The Modern Antiquarian. Stone Circles, Ancient Sites, Neolithic Monuments, Ancient Monuments, Prehistoric Sites, Megalithic MysteriesThe Modern Antiquarian

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Bulstrode Camp (Hillfort) — Folklore

The name Bulstrode, with its apparent reference to bulls, gave rise to the improbable legend that the Saxon Shobbington family resisted the Norman Conquest by attacking the Normans riding astride bulls. The story can be found in Lipscomb (George Lipscomb - The History and Antiquities of the County of Buckingham [1847]). Shobbington was supposedly supported by the Penn and Hampden families. According to James Joseph Sheahan (James Joseph Sheahan - History and Topography of Buckinghamshire [1862] p. 832) Bulstrode Camp was the remains of entrenchments used by Shobbington. This opinion is not too surprising, as people did not realise that hillforts were pre-Roman British fortifications until the late C19. In fact the name Bulstrode probably means 'the marsh belonging to the fort' and has no connection with cattle.

According to Keith Branigan (Keith Branigan - The Archaeology of the Chilterns from the Ice Age to the Norman Conquest [Chess Valley Archaeological and Historical Society, 1994], pp. 52-3) it is likely that one of the main functions of Chiltern hillforts was "to serve as secure centres for the storage of grain and stock".

Bulstrode Camp (Hillfort) — Fieldnotes

Another limited excavation of Bulstrode Camp took place in 1969. It was motivated less by academic curiosity than by Eton Rural District Council's need to install a sewer. The operations were observed by S.A. Moorhouse of the Ancient Monuments Department, Ministry of Public Buildings and Works, and by Gerrards Cross and Chalfont St. Peter Local History Society. The excavators were able to record the stratification of the bank and, despite being hampered by water, managed to reach the floor of a ditch, unlike their 1924 predecessors. They also found two post-holes in the interior and evidence of a previously undiscovered inner ditch, but no objects or unusual features were uncovered. The excavators concluded, as Fox and Clarke had done in 1924, that the Camp was "rather a camp of refuge for intermittent occupation and not a permanent settlement" (Records of Bucks, Vol. 18 p. 324).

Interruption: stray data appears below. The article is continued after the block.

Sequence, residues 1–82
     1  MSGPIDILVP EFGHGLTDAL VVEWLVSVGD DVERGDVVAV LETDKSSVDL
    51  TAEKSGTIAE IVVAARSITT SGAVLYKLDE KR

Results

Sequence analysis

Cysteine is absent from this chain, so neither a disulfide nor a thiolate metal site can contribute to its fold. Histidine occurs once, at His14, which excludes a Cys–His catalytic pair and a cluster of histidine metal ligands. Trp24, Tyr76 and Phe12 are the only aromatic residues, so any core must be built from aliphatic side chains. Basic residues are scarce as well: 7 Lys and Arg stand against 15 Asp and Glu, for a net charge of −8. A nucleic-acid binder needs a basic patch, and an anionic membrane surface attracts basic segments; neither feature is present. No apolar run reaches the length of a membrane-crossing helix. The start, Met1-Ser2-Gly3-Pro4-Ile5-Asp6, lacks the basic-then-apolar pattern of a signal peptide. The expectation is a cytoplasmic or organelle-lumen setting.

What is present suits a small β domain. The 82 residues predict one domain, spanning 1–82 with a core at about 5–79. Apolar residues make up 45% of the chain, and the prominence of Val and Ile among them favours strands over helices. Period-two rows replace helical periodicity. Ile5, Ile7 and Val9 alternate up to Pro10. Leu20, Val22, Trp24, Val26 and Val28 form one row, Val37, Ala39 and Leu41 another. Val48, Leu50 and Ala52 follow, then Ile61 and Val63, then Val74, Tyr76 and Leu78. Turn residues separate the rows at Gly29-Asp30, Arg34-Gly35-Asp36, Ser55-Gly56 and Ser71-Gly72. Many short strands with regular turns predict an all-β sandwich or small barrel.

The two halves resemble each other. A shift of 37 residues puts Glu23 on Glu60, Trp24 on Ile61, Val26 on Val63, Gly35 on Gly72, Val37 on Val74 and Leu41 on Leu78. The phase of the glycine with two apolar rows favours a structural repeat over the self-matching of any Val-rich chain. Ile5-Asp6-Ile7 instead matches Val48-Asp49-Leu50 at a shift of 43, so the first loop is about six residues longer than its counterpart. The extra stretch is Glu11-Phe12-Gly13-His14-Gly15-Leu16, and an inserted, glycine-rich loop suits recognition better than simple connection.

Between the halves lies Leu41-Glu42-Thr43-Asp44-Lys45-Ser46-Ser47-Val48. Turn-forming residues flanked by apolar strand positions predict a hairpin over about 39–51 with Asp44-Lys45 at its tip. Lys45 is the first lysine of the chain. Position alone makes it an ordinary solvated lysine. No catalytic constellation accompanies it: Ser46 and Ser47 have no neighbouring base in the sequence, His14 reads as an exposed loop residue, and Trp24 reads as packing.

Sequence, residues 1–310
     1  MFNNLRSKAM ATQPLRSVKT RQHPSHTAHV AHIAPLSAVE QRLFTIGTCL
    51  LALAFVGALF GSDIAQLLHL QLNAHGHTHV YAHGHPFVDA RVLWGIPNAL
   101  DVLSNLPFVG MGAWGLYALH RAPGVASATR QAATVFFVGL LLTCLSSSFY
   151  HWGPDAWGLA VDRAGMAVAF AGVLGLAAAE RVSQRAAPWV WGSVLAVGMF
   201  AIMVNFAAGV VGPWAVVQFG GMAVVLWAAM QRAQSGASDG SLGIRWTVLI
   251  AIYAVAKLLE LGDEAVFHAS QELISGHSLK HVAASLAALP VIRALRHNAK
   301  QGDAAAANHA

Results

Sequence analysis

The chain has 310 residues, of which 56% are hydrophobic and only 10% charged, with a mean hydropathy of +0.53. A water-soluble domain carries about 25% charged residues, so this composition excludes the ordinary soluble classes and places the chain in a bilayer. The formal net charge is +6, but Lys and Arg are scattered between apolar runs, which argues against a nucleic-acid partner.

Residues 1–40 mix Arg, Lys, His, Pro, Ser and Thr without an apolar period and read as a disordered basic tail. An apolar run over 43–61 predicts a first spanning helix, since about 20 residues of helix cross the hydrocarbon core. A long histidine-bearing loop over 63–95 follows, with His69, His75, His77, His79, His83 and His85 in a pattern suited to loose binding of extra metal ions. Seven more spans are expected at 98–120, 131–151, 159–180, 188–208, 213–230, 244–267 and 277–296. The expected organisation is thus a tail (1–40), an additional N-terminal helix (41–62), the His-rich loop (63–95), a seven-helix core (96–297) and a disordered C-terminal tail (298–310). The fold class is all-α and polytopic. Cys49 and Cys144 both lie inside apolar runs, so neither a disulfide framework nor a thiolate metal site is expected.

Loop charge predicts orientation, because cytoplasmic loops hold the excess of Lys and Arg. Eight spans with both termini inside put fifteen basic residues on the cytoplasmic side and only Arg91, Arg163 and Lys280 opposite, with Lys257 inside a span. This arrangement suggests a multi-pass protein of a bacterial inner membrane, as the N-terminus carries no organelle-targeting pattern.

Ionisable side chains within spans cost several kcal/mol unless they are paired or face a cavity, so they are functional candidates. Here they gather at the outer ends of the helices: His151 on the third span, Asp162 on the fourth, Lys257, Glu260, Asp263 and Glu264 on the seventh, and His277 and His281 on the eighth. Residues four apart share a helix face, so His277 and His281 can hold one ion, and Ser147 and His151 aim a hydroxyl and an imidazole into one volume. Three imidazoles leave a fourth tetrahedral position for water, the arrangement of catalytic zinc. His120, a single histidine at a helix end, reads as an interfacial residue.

A geophysical survey between March and November 2002 detected "a number of possible prehistoric anomalies", mostly around the margins in the northern part of the site. Since these anomalies are circular and between 9 and 16 metres across it is possible that they are round houses. The survey also found evidence of what might be a 60 by 15 metre Neolithic or Bronze Age long barrow (John Gover - Bulstrode 'Iron Age' Camp Gerrards Cross: A Site of Many Periods, in Journal of Chess Valley Archaeological & Historical Society, 2003).

For more on the Camp and these excavations, go to
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